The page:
UPDATED, July 15, 2010 — Luis Milán was released from prison in July 2010 under a deal between Spain, the Catholic Church and the Castro dictatorship.
According to the propaganda spin, health care is one of the Cuban revolution's grandest accomplishments.
According to Amnesty International:
Luis Milán Fernández is reportedly a medical doctor by profession. He is a member of the unofficial Colegio Médico de Cuba, Cuban Medical Association.
In June 2001 he and his wife, also a doctor, signed a document called "Manifiesto 2001," calling among other measures for recognition of fundamental freedoms in Cuba. Together with other health professionals they carried out a one-day hunger strike to call attention to the medical situation of detainees and other issues.
During the "black spring," Milán, now 37, was convicted of violating "Law 88" and sentenced to 13 years in prison.
Physician for Human Rights has the latest information on his treatment in prison, and it isn't pretty:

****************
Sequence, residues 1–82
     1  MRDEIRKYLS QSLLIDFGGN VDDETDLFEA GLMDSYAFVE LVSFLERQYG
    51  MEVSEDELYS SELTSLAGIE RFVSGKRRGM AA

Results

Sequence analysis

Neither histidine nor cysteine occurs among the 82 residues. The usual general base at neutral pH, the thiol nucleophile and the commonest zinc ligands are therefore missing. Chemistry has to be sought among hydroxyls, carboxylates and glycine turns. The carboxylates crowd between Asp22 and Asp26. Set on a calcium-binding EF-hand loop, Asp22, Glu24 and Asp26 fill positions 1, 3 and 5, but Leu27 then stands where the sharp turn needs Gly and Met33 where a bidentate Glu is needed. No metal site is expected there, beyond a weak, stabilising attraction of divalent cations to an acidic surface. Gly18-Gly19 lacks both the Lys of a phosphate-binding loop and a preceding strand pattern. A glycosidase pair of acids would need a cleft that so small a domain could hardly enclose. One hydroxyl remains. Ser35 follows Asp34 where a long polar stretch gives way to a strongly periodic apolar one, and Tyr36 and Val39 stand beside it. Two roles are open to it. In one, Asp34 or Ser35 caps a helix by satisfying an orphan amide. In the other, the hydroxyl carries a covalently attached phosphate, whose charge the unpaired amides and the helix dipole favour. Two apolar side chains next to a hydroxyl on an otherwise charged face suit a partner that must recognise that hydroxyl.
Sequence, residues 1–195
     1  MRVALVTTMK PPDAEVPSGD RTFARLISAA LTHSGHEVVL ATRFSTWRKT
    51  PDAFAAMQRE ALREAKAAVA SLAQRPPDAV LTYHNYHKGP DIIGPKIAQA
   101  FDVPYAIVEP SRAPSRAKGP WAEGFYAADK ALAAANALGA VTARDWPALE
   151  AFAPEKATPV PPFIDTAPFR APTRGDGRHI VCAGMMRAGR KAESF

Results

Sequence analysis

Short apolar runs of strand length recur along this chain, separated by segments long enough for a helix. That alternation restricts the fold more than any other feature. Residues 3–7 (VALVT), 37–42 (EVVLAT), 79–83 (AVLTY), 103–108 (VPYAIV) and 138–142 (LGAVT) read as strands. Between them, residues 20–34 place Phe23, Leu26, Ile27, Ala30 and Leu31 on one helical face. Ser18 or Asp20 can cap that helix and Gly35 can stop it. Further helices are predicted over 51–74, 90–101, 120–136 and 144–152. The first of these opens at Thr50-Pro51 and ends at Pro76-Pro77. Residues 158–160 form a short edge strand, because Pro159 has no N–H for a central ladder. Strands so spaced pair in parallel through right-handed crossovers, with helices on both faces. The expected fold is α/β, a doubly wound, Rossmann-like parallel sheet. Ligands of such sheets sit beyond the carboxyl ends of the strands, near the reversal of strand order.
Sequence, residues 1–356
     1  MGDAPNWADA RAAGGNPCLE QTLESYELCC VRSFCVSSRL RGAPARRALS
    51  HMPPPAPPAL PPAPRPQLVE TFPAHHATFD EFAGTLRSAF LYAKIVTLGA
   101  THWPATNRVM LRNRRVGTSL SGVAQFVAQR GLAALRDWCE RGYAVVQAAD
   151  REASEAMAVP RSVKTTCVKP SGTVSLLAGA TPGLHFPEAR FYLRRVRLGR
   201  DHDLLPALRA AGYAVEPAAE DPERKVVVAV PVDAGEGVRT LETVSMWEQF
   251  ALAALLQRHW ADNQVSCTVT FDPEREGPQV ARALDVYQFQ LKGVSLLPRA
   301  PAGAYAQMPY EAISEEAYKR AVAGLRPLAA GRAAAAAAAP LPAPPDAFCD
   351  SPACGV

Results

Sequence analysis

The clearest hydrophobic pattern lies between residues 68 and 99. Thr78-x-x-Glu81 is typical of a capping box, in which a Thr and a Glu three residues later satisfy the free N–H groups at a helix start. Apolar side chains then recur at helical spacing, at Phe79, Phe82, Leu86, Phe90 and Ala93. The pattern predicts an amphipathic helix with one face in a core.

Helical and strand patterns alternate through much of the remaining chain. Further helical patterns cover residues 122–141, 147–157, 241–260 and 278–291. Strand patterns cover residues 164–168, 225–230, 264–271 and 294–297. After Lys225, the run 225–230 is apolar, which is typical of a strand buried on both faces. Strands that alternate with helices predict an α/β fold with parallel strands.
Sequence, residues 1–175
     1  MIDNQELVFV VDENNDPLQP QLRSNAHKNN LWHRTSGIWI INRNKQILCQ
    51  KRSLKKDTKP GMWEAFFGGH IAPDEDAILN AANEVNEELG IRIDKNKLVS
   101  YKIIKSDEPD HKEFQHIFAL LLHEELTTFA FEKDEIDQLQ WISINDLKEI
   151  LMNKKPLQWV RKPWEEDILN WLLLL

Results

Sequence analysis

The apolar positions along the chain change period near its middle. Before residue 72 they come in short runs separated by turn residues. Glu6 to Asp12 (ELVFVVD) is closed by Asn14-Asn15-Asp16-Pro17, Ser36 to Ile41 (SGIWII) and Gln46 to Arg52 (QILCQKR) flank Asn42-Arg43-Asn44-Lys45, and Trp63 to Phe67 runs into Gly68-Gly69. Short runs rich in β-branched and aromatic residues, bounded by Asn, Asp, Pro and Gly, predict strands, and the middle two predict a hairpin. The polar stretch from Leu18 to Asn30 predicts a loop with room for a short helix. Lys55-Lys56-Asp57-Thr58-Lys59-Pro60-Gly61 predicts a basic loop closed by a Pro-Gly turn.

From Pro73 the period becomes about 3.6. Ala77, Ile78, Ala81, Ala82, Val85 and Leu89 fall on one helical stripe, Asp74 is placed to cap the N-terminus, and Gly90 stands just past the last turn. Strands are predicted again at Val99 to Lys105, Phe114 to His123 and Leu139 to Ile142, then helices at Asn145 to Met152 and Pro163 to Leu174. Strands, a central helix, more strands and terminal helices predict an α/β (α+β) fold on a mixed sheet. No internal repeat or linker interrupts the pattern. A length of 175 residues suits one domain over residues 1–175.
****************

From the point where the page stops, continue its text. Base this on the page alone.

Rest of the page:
Dr. Luis Milan Fernandez has reportedly been arbitrarily confined to a psychiatric ward since February 18, 2005 at the Boniato Prison Hospital in Santiago de Cuba. He is forced to share a cell with patients suffering from a variety of mental disorders and is prohibited from receiving any medicines or food that his family brings him. Before being moved to the hospital, Dr. Milan underwent a medical check-up at the Combinado del Este Prison in Havana during which he was diagnosed with a tumor in the left humerus, loss of hearing, pulmonary emphysema, hypertension, swollen nasal turbinates, and an enlarged liver. Dr. Milan reportedly refused to undergo treatment for these ailments, since he did not trust the medical personnel in the prison.
One of the surest indicators of the repressive nature of the Castro regime is the jailing of more than 300 political prisoners. To illustrate that reality, Uncommon Sense each week profiles one prisoner. There also is a Political Prisoner archive on the left sidebar. To suggest a prisoner for a profile, send me an e-mail.
For profiles of imprisoned Cuban journalists and related information, read the March 18 Project.